AFRICA/NIGERIA - Father Felix Zakari Fidson, kidnapped at the end of March, has been freed

Saturday, 7 May 2022 priests   kidnappings  

Abuja (Agenzia Fides) - Fr. Felix Zakari Fidson, priest of the diocese of Zaria, in the state of Kaduna, northern Nigeria, kidnapped on March 24, has been released (see Fides, 25/3/2022).
"With a heart filled with joy, we announce the return of our brother, Fr. Felix Zakari Fidson, abducted on March 24," announced the Chancellor of the Diocese of Zaria, Fr. Patrick Adikwu Odeh, according to whom the priest had been "released around 1 p.m. on May 3".
"We want to thank all those who offered prayers for the speedy release of our dear brother. We pray to God to hasten the release of those who are still in the hands of their captors", added Fr. Odeh. "May Our Lady, the Mother of our Lord and Savior Jesus Christ and our Mother continue to intercede for our dear country, Nigeria. Amen", he concluded.
In addition to Fr. Fidson, two other priests were kidnapped in Nigeria in March, Fr Joseph Akete Bako, pastor of St John's Church in Kudenda, Kaduna South Local Government Area, abducted on the night of March 8 during an attack on the parish house in which a person was killed (see Fides, 9/3/2022) and Father Leo Raphael Ozigi, parish priest of St. Mary's Church, in the village of Sarkin Pawa, in local government area of Munya, in the state of Niger, kidnapped on Sunday, March 27 (see Fides, 29/3/2022).
The latter was released on the night of April 8 along the Kaduna-Zaria road (see Fides, 11/4/2022).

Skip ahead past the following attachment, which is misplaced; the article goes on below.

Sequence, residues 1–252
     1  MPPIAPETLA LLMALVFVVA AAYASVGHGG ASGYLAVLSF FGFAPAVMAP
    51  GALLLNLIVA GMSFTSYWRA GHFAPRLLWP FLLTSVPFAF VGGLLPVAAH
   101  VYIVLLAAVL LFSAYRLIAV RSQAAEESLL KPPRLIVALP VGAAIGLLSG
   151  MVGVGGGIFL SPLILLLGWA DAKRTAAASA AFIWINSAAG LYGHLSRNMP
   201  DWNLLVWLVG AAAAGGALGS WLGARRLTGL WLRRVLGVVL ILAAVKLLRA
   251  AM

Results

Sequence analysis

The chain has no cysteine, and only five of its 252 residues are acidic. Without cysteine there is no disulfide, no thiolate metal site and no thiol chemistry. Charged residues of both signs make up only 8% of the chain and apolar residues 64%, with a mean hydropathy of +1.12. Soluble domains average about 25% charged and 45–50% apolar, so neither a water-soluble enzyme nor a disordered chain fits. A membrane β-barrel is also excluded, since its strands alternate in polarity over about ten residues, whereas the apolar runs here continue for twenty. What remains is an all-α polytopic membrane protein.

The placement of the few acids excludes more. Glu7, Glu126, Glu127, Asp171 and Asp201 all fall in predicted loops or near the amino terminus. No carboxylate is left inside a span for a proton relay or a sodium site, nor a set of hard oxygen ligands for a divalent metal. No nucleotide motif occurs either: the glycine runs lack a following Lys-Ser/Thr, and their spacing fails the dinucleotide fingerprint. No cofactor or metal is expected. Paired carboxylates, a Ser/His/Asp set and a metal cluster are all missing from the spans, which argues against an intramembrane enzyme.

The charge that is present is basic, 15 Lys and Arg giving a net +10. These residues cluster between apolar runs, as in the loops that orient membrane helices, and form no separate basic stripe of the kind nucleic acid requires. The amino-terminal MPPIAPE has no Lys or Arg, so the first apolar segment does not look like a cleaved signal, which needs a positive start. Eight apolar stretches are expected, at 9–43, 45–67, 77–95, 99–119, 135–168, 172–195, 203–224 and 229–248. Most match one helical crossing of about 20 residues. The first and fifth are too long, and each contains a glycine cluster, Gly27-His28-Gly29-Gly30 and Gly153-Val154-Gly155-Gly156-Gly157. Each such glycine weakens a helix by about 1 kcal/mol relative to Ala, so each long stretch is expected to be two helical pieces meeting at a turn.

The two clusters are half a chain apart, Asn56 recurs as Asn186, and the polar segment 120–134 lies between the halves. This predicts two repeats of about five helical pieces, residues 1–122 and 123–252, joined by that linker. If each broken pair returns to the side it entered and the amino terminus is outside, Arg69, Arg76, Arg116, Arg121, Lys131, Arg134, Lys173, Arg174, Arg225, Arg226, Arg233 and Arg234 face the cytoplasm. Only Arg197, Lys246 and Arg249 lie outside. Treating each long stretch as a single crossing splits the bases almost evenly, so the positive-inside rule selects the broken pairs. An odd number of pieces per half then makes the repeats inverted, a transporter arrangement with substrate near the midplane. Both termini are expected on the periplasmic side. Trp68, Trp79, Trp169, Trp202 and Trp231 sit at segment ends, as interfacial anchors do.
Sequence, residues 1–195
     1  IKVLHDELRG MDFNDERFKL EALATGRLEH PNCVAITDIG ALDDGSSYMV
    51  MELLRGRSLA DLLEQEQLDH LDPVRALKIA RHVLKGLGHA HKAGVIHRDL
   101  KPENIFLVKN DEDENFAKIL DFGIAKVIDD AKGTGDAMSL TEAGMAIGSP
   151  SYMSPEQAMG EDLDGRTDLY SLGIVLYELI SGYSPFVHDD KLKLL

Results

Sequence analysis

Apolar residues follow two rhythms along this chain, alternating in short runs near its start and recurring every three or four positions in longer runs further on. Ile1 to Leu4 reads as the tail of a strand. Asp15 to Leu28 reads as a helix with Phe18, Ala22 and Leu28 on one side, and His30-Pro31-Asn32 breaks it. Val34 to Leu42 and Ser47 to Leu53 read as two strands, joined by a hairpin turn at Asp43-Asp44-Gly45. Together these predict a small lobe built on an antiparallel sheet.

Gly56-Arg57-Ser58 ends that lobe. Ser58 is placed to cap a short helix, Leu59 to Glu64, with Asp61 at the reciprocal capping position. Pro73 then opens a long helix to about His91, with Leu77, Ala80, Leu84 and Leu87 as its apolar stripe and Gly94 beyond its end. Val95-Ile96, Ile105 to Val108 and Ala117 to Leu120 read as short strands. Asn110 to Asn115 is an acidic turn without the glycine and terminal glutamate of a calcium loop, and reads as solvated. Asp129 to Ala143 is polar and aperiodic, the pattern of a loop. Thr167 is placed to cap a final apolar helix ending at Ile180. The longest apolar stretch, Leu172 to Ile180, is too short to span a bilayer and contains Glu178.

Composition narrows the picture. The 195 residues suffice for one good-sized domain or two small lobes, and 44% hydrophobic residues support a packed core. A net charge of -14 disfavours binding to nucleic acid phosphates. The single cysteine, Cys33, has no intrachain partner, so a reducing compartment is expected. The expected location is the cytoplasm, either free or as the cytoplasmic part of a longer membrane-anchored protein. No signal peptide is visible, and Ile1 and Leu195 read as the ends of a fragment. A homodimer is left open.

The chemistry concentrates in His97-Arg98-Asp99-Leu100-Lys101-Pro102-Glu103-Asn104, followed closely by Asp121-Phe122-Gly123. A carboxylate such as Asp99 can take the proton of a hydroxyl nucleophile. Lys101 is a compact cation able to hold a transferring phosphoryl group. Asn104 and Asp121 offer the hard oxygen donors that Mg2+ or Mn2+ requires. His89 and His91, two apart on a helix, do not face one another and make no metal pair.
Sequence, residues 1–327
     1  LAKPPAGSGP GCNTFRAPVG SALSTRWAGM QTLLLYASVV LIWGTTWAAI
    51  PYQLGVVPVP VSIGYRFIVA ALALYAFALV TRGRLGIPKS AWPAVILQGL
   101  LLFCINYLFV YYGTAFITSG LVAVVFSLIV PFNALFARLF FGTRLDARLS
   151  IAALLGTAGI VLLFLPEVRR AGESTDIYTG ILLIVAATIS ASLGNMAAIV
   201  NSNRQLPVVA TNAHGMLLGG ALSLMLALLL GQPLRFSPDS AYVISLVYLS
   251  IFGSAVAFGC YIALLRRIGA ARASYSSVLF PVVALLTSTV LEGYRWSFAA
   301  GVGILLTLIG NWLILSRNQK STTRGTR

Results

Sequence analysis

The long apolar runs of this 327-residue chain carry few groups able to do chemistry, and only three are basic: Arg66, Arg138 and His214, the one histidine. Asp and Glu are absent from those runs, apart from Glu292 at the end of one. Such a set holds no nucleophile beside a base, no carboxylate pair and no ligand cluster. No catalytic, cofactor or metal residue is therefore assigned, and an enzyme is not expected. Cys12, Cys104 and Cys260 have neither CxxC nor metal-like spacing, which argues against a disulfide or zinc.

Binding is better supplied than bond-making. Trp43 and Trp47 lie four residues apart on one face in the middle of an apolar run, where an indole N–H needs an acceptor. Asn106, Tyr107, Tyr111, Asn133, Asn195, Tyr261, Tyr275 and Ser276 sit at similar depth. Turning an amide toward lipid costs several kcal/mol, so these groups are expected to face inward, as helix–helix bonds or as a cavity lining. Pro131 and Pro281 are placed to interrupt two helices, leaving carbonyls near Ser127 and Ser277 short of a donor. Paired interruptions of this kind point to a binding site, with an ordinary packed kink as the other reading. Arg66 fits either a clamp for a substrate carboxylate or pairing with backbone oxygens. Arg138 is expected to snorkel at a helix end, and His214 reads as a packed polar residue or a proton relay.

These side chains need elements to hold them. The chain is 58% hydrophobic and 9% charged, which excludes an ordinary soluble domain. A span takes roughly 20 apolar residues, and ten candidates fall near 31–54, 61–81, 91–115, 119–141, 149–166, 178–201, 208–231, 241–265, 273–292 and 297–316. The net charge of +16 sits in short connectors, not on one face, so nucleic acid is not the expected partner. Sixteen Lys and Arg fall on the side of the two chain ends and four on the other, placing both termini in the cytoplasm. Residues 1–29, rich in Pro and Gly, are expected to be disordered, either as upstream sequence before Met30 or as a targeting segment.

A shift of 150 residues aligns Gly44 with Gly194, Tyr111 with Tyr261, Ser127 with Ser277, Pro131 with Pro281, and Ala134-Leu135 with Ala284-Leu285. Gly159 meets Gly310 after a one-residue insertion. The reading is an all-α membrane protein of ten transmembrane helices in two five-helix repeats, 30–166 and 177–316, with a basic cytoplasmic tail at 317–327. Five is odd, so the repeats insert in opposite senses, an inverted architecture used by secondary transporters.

To combat the scourge of kidnappings for extortion in Nigeria, the Nigerian Senate has approved a bill that punishes anyone who pays a ransom to free a person with a prison term of at least 15 years. The Senate bill, which must be discussed in the House of Representatives before being approved and signed by the Head of State, has sparked strong controversy in the country. Dr. Monday Ubani, head of the bar association's public affairs section, criticized the proposal to criminalize the payment of ransoms by institutions that are unable to guarantee the safety of citizens. "The truth is that kidnap victims pay ransom out of desperation and helplessness, knowing that the state has failed and is unable to protect lives and property or secure the release of their loved ones", he said.
The Nigerian bishops have for years prohibited the payment of ransoms in cases of kidnapping of ecclesiastical and religious personnel. (L.M.) (Agenzia Fides, 7/5/2022)